RNA interference ("RNAi"). RNAi is a technique used in post transcriptional gene silencing ("PTGS"), in which the targeted gene activity is specifically abolished. RNA; resembles in many aspects PTGS in plants and has been detected in many invertebrates including trypanosome, hydra, planaria, nematode and fruit fly (Drosophila melanogaster). It may be involved in the modulation of transposable element mobilization and antiviral state formation. RNAi in mammalian systems is disclosed in PCT application WO00/63364. In one embodiment, dsRNA of at least about 21 nucleotides is introduced into cells to silence the expression of the target gene. [0103] Antibodies against the polypeptides encoded by AML or MDS disease genes can be administered to patients in need thereof. In one embodiment, the antibodies can substantially reduce or inhibit the activity of a disease gene. For instance, the antibodies can reduce the activity of the disease gene by at least about 25%, 50%, 75%, 90%), or more.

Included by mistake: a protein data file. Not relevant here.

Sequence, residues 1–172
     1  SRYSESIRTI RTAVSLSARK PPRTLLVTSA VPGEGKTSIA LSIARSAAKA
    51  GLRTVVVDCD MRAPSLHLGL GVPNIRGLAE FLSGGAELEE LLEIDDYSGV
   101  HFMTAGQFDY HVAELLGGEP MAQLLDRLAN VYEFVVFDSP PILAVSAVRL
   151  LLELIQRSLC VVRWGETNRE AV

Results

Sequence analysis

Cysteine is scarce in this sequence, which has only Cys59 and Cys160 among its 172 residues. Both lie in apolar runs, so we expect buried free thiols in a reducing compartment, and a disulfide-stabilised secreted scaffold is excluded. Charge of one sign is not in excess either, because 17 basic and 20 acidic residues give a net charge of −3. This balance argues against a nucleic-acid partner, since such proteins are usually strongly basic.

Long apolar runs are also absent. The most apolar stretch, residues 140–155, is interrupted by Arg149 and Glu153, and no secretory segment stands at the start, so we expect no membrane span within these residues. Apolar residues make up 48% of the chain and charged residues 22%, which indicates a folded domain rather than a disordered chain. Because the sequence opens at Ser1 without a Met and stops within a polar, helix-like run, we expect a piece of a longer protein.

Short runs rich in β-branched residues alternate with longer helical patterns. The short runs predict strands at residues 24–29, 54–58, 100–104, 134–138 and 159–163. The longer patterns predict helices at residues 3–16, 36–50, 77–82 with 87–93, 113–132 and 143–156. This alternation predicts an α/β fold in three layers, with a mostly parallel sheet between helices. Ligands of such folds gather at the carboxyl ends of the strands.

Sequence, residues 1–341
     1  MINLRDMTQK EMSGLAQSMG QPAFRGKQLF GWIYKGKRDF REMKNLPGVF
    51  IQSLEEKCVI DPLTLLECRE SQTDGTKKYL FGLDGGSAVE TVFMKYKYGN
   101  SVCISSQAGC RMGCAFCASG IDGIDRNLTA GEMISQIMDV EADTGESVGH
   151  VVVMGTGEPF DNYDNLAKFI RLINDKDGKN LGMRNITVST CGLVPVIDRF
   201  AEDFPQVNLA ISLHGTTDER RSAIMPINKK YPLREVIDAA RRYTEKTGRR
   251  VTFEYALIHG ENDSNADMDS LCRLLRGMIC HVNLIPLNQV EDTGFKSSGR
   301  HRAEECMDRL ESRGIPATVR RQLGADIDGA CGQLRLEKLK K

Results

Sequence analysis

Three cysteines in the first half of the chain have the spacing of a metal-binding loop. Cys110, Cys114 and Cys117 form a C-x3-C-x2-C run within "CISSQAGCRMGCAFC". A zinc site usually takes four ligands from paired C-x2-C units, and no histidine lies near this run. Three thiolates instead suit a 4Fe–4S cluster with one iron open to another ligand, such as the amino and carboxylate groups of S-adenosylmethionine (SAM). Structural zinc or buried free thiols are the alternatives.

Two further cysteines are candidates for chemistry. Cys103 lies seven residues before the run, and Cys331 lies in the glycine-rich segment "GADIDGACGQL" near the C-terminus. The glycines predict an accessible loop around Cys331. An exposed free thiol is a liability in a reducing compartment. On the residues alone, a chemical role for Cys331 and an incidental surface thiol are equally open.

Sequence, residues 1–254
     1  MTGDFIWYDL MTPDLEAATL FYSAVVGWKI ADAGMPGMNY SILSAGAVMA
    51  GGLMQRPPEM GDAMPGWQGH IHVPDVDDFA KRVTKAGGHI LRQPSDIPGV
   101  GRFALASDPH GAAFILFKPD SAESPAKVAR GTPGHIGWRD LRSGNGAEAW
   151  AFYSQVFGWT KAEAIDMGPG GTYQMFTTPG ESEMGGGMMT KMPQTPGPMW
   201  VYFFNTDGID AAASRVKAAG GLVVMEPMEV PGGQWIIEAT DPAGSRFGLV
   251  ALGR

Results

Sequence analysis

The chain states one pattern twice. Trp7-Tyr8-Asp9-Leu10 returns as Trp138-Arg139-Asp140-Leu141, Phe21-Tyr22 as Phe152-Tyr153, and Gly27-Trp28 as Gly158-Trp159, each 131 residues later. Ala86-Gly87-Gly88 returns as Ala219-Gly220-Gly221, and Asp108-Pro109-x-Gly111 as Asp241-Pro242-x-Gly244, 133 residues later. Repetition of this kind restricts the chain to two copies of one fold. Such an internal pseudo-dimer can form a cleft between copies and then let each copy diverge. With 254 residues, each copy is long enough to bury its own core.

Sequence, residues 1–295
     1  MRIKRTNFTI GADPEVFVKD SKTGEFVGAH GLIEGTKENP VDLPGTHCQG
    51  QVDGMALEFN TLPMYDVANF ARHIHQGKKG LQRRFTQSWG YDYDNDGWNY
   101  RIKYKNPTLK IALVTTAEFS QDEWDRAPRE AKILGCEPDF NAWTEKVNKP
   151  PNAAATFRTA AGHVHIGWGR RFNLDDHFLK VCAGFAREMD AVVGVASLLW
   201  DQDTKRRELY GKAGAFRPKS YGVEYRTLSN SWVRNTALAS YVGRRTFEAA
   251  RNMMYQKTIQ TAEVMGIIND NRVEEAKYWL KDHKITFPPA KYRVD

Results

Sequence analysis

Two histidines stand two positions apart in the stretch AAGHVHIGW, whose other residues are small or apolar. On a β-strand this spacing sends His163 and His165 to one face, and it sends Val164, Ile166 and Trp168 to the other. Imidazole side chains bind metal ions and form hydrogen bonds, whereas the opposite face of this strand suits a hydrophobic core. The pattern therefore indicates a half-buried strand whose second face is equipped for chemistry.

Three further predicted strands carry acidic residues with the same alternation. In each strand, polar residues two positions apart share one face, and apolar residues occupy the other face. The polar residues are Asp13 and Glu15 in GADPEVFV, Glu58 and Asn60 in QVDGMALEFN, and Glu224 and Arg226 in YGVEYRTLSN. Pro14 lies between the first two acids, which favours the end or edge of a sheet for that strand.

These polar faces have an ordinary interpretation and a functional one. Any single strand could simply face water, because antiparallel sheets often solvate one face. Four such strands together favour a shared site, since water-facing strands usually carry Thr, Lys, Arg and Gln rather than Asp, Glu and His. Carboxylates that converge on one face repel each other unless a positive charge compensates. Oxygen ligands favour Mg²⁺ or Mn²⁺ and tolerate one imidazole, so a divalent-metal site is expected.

[0104] A pharmaceutical composition comprising an antibody or an expression vector of the present invention can be prepared. The pharmaceutical composition can be formulated to be compatible with its intended route of administration. Examples of routes of administration include, but are not limited to, parenteral, intravenous, intradermal, subcutaneous, oral, inhalational, transdermal, topical, transmucosal, and rectal administration. Preparation of pharmaceutical compositions is well known in the art. [0105] The present invention further features kits or apparatuses for diagnosing or monitoring the progression or treatment of AML or MDS. In one embodiment, the kits or apparatuses include one or more polynucleotides, each of which is capable of hybridizing under stringent conditions to a gene selected from Tables 1, 3, 8b, 9b, and 10b. The polynucleotides can be labeled with fluorescent, radioactive, or other detectable moieties. Any number of polynucleotides can be included in a kit. For instance, at least 2, 3, 4, 5, 10, 15, 20, or more polynucleotides can be included in a kit or apparatus, and each polynucleotide is capable of hybridizing under stringent conditions to a different respective gene selected from Tables 1, 3, 8b, 9b, and 10b. In one example, the polynucleotides are included in vials, tubes, bottles or other containing means. In another example, the polynucleotides are stably attached to one or more substrate supports. Nucleic acid hybridization can be directly carried out on the substrate supports. [0106] In another embodiment, the kits or apparatuses include one or more antibodies specific for the polypeptides encoded by the genes selected from Tables 1, 3, 8b, 9b, and 10b. The antibodies can be labeled or unlabeled. Any number of antibodies can be included in a kit or apparatus. For instance, at least 2, 3, 4, 5, 10, 15, 20, or more antibodies can be included in a kit or apparatus, and each antibody can specifically recognize a different respective AML or MDS disease gene product. In one example, the kit or apparatus also includes other immunodetection reagents (such as secondary antibodies, controls or enzyme substrates). In another example, the antibodies in a kit of the present invention are included in one or more containers. In yet another example, the antibodies in an apparatus of the present invention are stably attached to one or more substrate supports. Suitable substrate supports include, but are not limited to, films, membranes, column matrices, or microtiter plate wells. Immunoassays can be performed directly on the substrate supports.